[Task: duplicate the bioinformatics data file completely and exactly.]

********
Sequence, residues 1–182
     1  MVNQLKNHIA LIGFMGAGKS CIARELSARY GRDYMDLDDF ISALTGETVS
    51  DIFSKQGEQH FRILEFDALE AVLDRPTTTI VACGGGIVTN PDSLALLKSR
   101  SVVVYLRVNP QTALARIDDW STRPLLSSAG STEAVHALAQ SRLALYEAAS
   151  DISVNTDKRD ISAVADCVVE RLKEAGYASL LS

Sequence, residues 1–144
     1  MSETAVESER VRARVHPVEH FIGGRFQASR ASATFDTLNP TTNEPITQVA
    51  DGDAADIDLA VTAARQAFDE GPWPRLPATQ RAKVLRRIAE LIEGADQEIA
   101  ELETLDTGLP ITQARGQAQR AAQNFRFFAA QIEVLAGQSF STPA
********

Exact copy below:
Sequence, residues 1–182
     1  MVNQLKNHIA LIGFMGAGKS CIARELSARY GRDYMDLDDF ISALTGETVS
    51  DIFSKQGEQH FRILEFDALE AVLDRPTTTI VACGGGIVTN PDSLALLKSR
   101  SVVVYLRVNP QTALARIDDW STRPLLSSAG STEAVHALAQ SRLALYEAAS
   151  DISVNTDKRD ISAVADCVVE RLKEAGYASL LS

Sequence, residues 1–144
     1  MSETAVESER VRARVHPVEH FIGGRFQASR ASATFDTLNP TTNEPITQVA
    51  DGDAADIDLA VTAARQAFDE GPWPRLPATQ RAKVLRRIAE LIEGADQEIA
   101  ELETLDTGLP ITQARGQAQR AAQNFRFFAA QIEVLAGQSF STPA